Police arrest two men after New Year’s thefts

On Jan. 1, a 21-year-old male and a 19-year-old male were charged with multiple Criminal Code offences after a series of vehicle thefts

  • Jan. 9, 2013 8:00 p.m.

On Jan. 1, a 21-year-old male and a 19-year-old male were charged with multiple Criminal Code offences after a series of vehicle thefts, break and enter, failure to stop for police and other offences in central Alberta.

It’s alleged that on New Year’s Eve in Ponoka, the males stole a Chevrolet Silverado truck and drove it to Daysland. The next day, the duo attended rural properties in Daysland and Bawlf and stole two snowmobiles. The snowmobiles were later abandoned near another rural location in Bawlf.

The culprits broke into a building and stole a Toyota Camry, drove it to Fort Saskatchewan, where the RCMP attempted to stop the vehicle after an impaired driving complaint. The suspects fled from police — a pursuit was not initiated.

Later the same day, Ponoka RCMP received a dangerous-driving complaint involving the suspect vehicle. The suspects eventually rolled the stolen car at the junction of Highway 604 and Highway 2A.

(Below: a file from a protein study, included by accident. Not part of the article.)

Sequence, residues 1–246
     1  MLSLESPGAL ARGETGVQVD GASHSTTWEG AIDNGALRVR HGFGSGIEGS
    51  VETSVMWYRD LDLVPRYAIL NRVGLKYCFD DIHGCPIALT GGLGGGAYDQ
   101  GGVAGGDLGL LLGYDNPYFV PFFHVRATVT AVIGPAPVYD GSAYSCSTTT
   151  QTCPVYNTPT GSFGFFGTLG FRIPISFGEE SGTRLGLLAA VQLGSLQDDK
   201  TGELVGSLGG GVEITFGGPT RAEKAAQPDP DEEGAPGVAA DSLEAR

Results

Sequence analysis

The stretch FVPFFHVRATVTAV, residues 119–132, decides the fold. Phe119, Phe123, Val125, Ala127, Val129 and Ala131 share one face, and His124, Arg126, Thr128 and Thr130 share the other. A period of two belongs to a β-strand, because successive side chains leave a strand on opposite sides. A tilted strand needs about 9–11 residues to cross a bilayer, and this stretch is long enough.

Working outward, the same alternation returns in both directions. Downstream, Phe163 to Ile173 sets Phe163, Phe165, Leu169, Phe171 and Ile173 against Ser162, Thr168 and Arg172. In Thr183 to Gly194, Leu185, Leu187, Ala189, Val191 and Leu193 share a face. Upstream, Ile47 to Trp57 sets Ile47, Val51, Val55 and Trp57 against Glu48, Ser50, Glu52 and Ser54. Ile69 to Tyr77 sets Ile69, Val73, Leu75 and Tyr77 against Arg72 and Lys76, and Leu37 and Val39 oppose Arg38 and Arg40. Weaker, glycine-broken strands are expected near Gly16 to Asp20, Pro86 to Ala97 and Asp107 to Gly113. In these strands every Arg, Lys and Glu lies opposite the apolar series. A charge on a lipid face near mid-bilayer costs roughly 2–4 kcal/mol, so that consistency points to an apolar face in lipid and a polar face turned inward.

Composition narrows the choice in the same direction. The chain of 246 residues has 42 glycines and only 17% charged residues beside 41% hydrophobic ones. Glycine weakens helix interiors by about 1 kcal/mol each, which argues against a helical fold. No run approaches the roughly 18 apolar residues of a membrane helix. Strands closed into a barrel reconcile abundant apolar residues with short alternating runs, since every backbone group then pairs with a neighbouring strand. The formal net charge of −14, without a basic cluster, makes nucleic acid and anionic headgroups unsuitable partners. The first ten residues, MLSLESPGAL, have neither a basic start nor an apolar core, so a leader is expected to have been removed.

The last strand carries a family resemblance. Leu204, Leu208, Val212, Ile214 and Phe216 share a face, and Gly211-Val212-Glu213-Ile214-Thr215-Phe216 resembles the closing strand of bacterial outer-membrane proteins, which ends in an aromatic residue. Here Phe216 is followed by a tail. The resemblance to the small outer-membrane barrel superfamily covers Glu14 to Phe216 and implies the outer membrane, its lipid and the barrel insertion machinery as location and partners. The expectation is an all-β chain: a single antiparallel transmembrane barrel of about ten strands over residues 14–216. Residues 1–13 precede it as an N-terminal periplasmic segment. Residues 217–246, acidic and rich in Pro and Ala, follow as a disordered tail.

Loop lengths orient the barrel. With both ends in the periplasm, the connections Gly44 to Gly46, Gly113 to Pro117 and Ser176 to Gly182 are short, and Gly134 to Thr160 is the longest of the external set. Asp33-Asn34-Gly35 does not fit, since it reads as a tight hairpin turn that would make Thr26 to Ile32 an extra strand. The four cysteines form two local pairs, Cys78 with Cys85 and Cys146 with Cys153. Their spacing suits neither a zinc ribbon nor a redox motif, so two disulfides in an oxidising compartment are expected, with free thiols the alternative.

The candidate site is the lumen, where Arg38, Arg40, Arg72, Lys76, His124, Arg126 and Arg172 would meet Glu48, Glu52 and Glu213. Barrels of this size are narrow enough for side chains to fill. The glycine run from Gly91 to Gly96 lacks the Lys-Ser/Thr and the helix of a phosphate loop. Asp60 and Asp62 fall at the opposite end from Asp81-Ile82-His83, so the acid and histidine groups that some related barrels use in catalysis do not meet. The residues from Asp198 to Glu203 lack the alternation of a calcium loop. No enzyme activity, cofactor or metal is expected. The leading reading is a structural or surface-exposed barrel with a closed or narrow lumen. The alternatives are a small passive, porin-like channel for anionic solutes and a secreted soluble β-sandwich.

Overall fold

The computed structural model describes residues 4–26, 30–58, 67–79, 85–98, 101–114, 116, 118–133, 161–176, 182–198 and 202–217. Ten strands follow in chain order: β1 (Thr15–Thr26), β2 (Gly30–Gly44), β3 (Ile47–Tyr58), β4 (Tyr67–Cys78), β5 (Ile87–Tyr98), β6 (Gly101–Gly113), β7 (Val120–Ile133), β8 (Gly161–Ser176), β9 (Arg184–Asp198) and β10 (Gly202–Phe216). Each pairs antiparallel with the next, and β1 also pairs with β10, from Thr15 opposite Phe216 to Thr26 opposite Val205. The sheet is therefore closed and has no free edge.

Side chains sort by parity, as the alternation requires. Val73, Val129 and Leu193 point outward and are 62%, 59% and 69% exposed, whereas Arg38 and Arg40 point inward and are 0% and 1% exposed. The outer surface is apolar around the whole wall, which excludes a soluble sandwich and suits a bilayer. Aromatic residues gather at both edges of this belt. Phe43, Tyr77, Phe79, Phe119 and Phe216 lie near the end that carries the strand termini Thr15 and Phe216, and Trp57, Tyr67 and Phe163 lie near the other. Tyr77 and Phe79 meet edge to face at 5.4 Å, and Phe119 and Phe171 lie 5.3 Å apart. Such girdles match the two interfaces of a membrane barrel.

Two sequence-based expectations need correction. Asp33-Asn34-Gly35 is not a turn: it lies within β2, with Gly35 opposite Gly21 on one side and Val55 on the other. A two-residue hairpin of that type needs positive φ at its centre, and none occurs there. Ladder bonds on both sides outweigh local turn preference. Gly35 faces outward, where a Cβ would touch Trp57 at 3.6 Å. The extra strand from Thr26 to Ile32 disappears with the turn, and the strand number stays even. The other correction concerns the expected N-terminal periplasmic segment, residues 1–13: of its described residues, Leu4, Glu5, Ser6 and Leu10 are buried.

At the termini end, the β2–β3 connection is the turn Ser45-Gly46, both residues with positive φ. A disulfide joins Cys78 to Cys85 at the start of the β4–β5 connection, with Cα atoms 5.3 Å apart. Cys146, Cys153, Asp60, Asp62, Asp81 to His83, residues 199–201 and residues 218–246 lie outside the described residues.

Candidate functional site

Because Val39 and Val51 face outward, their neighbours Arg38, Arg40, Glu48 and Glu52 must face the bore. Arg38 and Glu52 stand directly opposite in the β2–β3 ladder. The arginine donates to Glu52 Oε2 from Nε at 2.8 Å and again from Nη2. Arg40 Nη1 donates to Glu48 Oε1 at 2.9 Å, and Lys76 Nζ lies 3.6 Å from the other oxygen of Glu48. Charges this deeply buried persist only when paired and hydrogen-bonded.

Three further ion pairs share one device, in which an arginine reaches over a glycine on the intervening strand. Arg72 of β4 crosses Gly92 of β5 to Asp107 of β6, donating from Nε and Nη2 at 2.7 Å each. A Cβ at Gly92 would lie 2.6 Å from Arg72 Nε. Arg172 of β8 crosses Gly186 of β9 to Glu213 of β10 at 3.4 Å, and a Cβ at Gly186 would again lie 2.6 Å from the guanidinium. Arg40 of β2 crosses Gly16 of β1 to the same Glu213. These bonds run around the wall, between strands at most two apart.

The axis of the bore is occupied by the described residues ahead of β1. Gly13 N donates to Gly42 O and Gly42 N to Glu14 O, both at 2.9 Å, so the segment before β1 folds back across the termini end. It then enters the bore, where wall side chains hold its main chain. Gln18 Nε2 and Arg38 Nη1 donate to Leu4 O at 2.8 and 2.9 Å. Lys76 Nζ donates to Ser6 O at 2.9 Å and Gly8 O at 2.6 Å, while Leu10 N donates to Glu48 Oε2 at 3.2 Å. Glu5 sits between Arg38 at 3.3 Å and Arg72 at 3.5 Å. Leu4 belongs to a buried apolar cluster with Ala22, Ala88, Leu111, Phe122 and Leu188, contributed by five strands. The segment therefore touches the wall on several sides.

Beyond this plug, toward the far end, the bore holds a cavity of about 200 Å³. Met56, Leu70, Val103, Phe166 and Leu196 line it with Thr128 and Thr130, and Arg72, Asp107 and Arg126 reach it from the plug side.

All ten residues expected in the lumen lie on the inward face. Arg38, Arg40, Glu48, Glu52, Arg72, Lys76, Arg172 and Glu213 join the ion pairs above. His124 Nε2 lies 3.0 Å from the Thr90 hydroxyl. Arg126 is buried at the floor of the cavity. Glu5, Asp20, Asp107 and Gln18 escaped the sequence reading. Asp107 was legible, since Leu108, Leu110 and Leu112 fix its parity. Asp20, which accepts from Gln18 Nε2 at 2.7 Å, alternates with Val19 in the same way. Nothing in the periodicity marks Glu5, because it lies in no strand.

During the rollover, the vehicle partially impeded a Canadian Pacific railway track. A witness flagged down a provincial traffic sheriff who arrived on the scene moments after the crash occurred, as both males had already fled on foot.

The RCMP Police Dog Service was called, however, as other witnesses advised police that the males had hitched a ride from an unsuspecting citizen. It was later discovered that the same citizen had driven the males to Lacombe.

Lacombe Police Service, Ponoka RCMP and Police Dog Service attended the Lacombe residence and  arrested the males without incident.

Some of the charges are:

Theft of a pickup truck — Ponoka.

Theft of a snowmobile — Daysland.

Theft of a snowmobile — Bawlf.

Break, enter and theft of a car — Bawlf.

Failure to stop for police — Fort Saskatchewan.

Entering on land on which a line work is situated (Section 26.1 of the Railway Safety Act).

Anyone with any information about the incidents is asked to call the local RCMP or Crime Stoppers at 1-800-222-TIPS.